-- There is little that is simple when it comes to making a simple box.

View Beginningwoodworker's profile


13345 posts in 3699 days

#6 posted 02-22-2011 12:08 AM

Thats a good idea Neil!

View Jim Bertelson's profile

Jim Bertelson

4179 posts in 3190 days

#7 posted 02-22-2011 12:24 AM

Why David Craig, where is the techie in you. Left it at work? We both know, we merrily use our machines, and then when we realize that expensive QSWO Aunt Tilda gave you to make a vintage pie safe for her….well the face frame is all skewed 3/32’s of an inch, and she won’t accept anything less than perfect… know, just like her cross stitch, and then we try to match the wood, down at the local specialty wood store…....about a weeks salary….......

You should have checked the alignment on the table saw…......duh…..what were you thinking?

Now you are a trained precision craftsman… your day job…...and you recheck your work, error routines, bounds checking, round off errors, reentry issues…........whatttttt… don’t check your wood working machines ......... until you have a disaster?????

......dummy lights…..that a new thing in your latest editor….....?

OK, OK, OK…......this isn’t work, but the economic consequences may be significant….......we have to be organized, and systematic…....quality control happens during construction, not by culling the defectives.

Gotta check those woodworking super machines dwelling in the mancave on a regular basis. Youse is gonna wait till you screw up to fix ‘em…........?

Well, that’s the way I do it…........just thought you were a little better than me…...........(-:


-- Jim, Anchorage Alaska

View David Craig's profile

David Craig

2137 posts in 3134 days

#8 posted 02-22-2011 01:29 AM

Jim I think we might have put a few words in my digital mouth my friend. I check my machines quite frequently (thank you very much ;). As I said, you get a feel for your machines. You start noticing the slightest of performance degradation quite away. “Hmmm, that board seemed to catch just a tad.” “I see there is just a touch of slack in the belt connected to the motor housing…” If you know your machines, you know what they sound like when they are purring. When the purring is a little less comforting, you automatically do your maintenances. I didn’t say wait until the darn thing is sounding like its tail is caught in a rocker :)


-- There is little that is simple when it comes to making a simple box.

View DLCW's profile


530 posts in 2680 days

#9 posted 02-22-2011 01:58 AM

I have regular maintenance tasks for each of my machines. As a production shop I can’t just take machines offline to do maintenance. Instead, because I’m running projects constantly, I perform machine maintenance at the end of one or two project and before the beginning of the next. Sometimes I work for 16 to 18 straight hours in 1 day to get all the maintenance done. All bits and blades are changed, tables are rubbed out with WD40 and nylon pads and rewaxed with paste wax, gears are greased, tables and fences realigned, nuts and bolts tightened, etc. The most time consuming is changing and aligning planer and jointer blades. This takes time, even though I do it so much I can do it with my eyes closed. I don’t wait until blades get dull, they go into the sharpening bit/blade bucket at the end of a project. Like David says you just start to know your machines and all their little quirks.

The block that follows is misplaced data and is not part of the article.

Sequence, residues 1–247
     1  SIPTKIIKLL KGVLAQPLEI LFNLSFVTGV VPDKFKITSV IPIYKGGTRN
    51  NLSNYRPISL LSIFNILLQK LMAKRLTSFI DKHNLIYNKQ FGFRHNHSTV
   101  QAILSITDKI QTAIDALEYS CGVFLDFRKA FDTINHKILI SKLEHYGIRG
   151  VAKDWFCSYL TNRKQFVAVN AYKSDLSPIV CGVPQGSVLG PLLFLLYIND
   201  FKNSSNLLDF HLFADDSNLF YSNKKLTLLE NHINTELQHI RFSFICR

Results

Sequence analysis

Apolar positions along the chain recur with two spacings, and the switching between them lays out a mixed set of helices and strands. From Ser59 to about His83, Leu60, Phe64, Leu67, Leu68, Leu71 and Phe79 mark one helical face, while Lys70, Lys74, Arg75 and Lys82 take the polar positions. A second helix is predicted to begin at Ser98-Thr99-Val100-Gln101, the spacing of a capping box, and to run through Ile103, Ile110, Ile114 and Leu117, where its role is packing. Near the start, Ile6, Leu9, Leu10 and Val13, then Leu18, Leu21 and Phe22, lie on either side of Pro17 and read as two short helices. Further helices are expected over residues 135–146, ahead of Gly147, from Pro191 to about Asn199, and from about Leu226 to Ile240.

Yes, I do have 2 sets of backup blades for everything (planers, jointers, saw blades, etc.) because I can’t afford down time. My sharpener can turn things around for me in about 3 to 5 days.

The same goes with my CNC machine (main workhorse of my shop). I closely track hours/sheets of plywood, etc. on a specific bit. For example, I can cut 85 sheets of 3/4” plywood with a 3/8” diamond like coated (DLC) mortise compression bit before I have to change to a new bit. When I reach the known limitation of hours, # of sheets, etc. the bit goes into the sharpening bucket. Once a week (normally Sunday afternoon) I do a regular maintenance routine on the CNC machine. There are a lot of moving parts (lots of greasing) and the vibration tends to loosen things up so tightening nuts and bolts, motor mounts, etc. is a big issue to ensure accuracy (.001”).

I attempted the written/computerized maintenance schedule a few years back and found it was as much effort to maintain as the machinery. I do it so regularly now that I can feel when a piece of machinery is not quite right. It is very slight, but enough to know I need to stay in the shop that night to tune up that specific machine. Just goes with the territory.

-- Don, Diamond Lake Custom Woodworks - - "If you make something idiot proof, all they do is make a better idiot"

View stefang's profile


15881 posts in 3360 days

#10 posted 02-22-2011 01:20 PM

Surely a good approach to keep you tools in top form Neil if you are willing to do the paper work and follow the routine.

-- Mike, an American living in Norway.

View bluekingfisher's profile


1250 posts in 3005 days

#11 posted 02-22-2011 02:00 PM

I don’t go to the lenghts of spread sheets on b/ft through the machine, although I have kept a simple log book for all my machines for years, generally just to log the maintenance I performed and the parts, if any replaced, including the date on which work was done. I don’t have a regime where I religiously change blades every three months for example on shop machines or service them all on a particular day. Being just a hobby shop it could be months since I last used a machine and would therefore only use my log as a reference should I notice a decline in performance. I personally don’t prolong the under taking of maintenance work for fear of causing long term and serious damage. I am of the opinion spend a little (on spares) save a lot (on grief, frustration and money)

However, I also have a log for all gas powered tools and my truck, this was a tip passed down to me by my dad when he serviced his own vehicle in the days when cars were simple to work on. (He had a Morris Minor for over 20 years, did 200K miles in it and never had to undertake a major rebuild) I do religiously under take maintenance schedules seriously on these tools and truck.

The process you describe is defo worthwhile although you run the risk of being consumed with checking the “gudget springs” on a particular machine because it seems so long since you last did rather than woodworking. This said, if you are like me, knowing a machine will perform everytime you turn it on is very reassuring indeed.

-- No one plans to fail, they just, just fail to plan

View Jim Bertelson's profile

Jim Bertelson

4179 posts in 3190 days

#12 posted 02-22-2011 05:01 PM

David Craig
”............the darn thing is sounding like its tail is caught in a rocker”

Now I know what to look for…...................(-:

-- Jim, Anchorage Alaska